May be not such a bad idea …
Source: Private Eye
Why? Targeted at marginal seats in the event of an election.
Photo: Midweek Herald
“The deputy leader of Sheffield City Council has resigned after a petition was submitted calling for a referendum on the way the authority is run.
More than 26,000 people have backed calls for the authority to move from a strong leader model to a committee system of decision making.
By law a petition signed by 5% of voters – 20,092 – will trigger a vote.
Olivia Blake said she was stepping down from her role in order to back the petition.
A council spokesman said if the petition was deemed valid a city-wide vote would take place by May 2020.
Ms Blake said: “My preference was to resolve the debate on the council’s governance structure without the need for a referendum but now that it is almost certain to be held, it is time to take a public position on where we go next.
“I will take the side of the people. I will back the committee system. It is a starting point for a wider debate on how to rejuvenate our democracy, and it is important that Labour voices contribute to this debate.
“I have added my name to the It’s Our City petition, and will make further statements in the coming days about the role I intend to play in the upcoming referendum.”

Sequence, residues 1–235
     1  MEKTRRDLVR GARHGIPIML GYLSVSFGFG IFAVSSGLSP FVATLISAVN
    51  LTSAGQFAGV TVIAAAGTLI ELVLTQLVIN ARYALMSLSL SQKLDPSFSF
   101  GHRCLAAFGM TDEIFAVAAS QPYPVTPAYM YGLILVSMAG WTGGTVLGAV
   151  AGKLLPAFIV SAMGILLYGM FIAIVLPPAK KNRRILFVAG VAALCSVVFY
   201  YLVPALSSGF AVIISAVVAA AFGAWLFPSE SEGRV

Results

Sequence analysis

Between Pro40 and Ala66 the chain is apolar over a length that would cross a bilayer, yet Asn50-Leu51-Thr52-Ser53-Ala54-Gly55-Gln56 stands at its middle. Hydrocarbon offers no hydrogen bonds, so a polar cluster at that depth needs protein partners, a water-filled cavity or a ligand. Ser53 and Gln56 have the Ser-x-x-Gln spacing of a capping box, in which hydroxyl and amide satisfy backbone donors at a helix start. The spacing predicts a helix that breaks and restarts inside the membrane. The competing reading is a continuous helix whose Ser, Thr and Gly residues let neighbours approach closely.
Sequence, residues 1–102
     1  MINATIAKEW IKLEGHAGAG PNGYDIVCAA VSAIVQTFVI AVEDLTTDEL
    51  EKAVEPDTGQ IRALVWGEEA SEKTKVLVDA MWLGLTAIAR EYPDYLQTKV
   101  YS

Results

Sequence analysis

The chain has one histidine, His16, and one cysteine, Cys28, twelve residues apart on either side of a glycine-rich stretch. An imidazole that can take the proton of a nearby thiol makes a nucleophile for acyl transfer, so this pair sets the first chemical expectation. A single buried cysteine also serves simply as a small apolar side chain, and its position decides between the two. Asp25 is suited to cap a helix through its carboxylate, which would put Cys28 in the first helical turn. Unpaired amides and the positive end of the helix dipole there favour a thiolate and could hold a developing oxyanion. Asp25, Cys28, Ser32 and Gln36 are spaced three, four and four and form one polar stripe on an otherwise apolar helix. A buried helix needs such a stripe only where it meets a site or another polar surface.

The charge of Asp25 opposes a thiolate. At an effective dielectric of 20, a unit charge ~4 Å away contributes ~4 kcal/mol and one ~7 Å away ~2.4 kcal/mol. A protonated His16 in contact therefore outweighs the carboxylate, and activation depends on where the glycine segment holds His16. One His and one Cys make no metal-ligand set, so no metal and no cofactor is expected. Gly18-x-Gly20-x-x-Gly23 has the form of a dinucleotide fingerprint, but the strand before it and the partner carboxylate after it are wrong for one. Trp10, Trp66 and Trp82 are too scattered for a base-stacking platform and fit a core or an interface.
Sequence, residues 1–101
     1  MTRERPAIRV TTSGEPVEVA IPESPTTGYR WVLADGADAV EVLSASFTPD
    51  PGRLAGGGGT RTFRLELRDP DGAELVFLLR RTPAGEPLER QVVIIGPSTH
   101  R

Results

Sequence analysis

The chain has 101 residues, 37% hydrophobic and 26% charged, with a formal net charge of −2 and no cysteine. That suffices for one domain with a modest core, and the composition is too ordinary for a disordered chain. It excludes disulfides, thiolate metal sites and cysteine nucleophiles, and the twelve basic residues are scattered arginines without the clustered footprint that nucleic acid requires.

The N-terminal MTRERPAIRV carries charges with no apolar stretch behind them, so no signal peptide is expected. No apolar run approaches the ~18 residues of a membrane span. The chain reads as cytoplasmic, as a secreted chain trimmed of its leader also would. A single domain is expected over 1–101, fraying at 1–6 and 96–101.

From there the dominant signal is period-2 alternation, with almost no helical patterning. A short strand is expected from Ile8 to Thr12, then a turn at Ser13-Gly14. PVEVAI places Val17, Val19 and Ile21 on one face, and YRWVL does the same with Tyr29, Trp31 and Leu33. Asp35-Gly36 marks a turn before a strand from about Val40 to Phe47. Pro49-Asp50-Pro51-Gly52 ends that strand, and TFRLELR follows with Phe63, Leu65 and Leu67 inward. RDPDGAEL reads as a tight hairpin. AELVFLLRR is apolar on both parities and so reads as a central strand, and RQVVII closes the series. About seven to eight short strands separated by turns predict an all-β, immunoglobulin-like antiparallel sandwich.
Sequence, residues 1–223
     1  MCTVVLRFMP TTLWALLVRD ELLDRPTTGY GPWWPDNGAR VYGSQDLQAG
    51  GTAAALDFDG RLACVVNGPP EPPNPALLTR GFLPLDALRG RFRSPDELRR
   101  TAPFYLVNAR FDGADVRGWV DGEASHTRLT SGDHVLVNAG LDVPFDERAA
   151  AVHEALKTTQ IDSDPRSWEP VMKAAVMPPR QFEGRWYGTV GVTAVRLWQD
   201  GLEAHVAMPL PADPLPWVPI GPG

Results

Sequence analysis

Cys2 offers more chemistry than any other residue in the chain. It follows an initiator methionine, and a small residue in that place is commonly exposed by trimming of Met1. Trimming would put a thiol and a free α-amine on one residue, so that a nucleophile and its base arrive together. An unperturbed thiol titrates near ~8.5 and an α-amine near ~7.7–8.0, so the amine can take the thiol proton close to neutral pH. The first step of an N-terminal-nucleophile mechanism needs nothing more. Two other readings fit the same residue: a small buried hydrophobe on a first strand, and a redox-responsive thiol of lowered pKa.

Sheffield City Council has 84 elected councillors across 28 wards, but under the current model it is the council leader and nine cabinet members who make decisions on “the most significant issues”.
Co-chair of It’s Our City Ruth Hubbard said the existing system “places power in the hands of too few”.
“We want our city to work for all of us but at the moment it’s failing,” she said.
The council now has one month to verify the signatures on the petition.
James Henderson, director of Policy, performance and communications at Sheffield City Council, said: “If a valid petition is submitted by It’s Our City then we are required to hold a referendum on changing the council’s governance system.”
South-west growth 0.25% since referendum, slowest of all regions since the referendum in 2016. Hello, Local Enterprise Partnership – HELLO! Any response? Any new figures? Any new ideas?
In the 18 months to the end of last year the capital’s banking and asset management industry shrank 11 per cent. The ONS did not explain the slump but it is likely to be related to Brexit as banks and insurers downsized British operations and directed new investment overseas.
The regional GDP figures, which cover England and Wales, revealed that the South West, which voted to leave the EU, has been the slowest growing English region since the 2016 referendum. It grew 0.25 per cent between the second quarter of 2016 and the end of last year.
The figures, which start in the second quarter of 2012 and run to the final quarter of last year, show that London has grown the fastest, expanding 21 per cent, while the North East and South West have been slowest, at 5.5 per cent and 7 per cent respectively.
London’s success has been despite the downturn in the square mile. Financial services contributed £132 billion to GDP last year, 6.9 per cent of total output, with half of that from the capital. Of the industry’s 1.1 million jobs, 400,000 were in London last year, analysis by the House of Commons library showed. …”